Classic Car Tyres

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Classic Car Tyres

Post by Tomaselli » Sat Nov 21, 2009 10:25 pm

This was posted the other week on a classic car forum;
The sad news arrived yesterday of the death of two friends here in France. Two friends passionate as any about the classic car movement and passionate about any make of old car, owning several themselves. The cause of their death was down to old tyres, tyres that were on the face of it in good condition with plenty of tread but which were old, well past the time when they ought to have been changed. It is easy to think "I'll be alright, mine are perfect" but the truth is that the recommendation is to change tyres after six years, whatever the mileage; we all know that the rubber deteriorates with age but it is easier, but not safer, to put off the expense until another day. I know, in the past I have been as guilty as the next man.

In this case the tyre exploded on a bend, with fatal results. Please, don't just dismiss this, but go and check the age of your tyres on the sidewall. There will be a four figure number like 0602 (which means made the 6th week of 2002) on the carcass. I bet some of you will find there are only three digits like 147 which means 14th week of 1997 which might shock you. Time flies when you are having fun, but let it continue to be fun, not grief for your relatives. Oh, I've realised my trailer tyres need changing; I hadn't thought to check them.
This then remind me of this article which happened a few years ago very close to me so struck a chord; ... sured.html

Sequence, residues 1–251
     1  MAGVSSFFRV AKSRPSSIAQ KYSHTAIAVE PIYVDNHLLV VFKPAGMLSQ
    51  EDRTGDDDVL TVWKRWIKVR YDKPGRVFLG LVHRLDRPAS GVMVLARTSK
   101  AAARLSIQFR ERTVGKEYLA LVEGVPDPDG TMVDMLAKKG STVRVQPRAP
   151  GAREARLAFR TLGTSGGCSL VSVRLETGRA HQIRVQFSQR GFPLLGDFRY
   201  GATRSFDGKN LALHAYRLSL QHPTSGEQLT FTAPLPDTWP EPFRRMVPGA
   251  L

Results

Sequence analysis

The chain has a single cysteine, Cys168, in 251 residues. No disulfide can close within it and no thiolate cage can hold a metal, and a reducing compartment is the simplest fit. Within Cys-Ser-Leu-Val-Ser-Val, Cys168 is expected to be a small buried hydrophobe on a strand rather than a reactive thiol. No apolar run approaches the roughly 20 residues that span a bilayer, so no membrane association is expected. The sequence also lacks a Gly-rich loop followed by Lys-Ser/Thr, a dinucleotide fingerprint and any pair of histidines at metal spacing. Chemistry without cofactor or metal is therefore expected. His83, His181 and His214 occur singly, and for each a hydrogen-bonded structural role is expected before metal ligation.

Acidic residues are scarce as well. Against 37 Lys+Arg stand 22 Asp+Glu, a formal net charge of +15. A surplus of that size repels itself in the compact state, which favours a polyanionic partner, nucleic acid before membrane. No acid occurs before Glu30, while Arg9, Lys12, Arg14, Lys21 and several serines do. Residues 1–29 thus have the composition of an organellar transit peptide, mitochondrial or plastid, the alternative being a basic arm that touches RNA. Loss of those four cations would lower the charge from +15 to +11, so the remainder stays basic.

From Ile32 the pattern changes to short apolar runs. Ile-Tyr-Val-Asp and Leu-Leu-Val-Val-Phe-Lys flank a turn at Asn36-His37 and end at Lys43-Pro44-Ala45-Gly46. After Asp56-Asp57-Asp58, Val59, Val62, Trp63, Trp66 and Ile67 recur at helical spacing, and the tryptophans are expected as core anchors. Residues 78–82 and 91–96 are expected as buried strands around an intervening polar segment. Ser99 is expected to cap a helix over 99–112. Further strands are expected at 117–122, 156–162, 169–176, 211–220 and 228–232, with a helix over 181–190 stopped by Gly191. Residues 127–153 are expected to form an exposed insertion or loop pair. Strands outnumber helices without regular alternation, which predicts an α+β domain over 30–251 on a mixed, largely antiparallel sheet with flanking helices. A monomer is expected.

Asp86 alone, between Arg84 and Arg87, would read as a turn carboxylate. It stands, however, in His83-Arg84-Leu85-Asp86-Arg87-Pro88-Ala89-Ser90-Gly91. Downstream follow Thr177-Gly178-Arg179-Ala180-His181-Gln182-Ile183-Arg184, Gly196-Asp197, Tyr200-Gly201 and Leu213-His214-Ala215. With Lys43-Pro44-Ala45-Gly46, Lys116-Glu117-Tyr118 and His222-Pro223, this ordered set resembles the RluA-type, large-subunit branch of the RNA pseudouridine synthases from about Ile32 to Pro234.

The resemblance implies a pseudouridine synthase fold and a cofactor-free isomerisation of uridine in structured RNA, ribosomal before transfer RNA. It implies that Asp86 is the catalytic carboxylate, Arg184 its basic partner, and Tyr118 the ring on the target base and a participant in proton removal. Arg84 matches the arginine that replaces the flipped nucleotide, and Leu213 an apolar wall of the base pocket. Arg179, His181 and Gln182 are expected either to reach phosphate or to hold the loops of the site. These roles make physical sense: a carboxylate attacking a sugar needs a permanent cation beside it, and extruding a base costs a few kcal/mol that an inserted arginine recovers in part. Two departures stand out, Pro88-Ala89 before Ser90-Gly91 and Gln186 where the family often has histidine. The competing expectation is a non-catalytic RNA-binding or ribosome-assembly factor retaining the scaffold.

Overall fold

Classic cars by their nature a lower mileage than modern counterparts so please do check the condition of your tyres.

Pulled off the ROSPA website;
Most modern compounds contain anti oxidysing chemicals that help slow down the natural ageing process of untreated rubber, however tyres DO degenerate with age. Tyres that have been place in storage should not be place into service over 6 years old from the date of manufacture. When tyres have been in service the effects of ageing are lessoned, but such tyres should be replaced after 10 years. Tyres in coastal ares will degenerate at a faster rate due to the saline conditions. Cleaning products may also harm the compound. Tyres that show signs of ageing, (deformation of the carcase distortion and cracking)should be replaced.
If you are lucky and have a "newer" tyre there will be identification markers to determine their age, all tyres made in recent years are date coded by law, which makes it easy to determine how old they are. Department of Transport now requires that every tire must have a four digit date code on the side, indicating the date it was manufactured. Look for a string of numbers and letters that begins with "DOT" to see the date code. The code will look something like "0604" which indicates the tire was manufactured during the 6th week of 2004. This number only appears on one side of the tyre, so you might have to crawl under the car to get the date. If there are no such markings than the tyre should probably be taken off and destroyed, unless it's just for show purposes.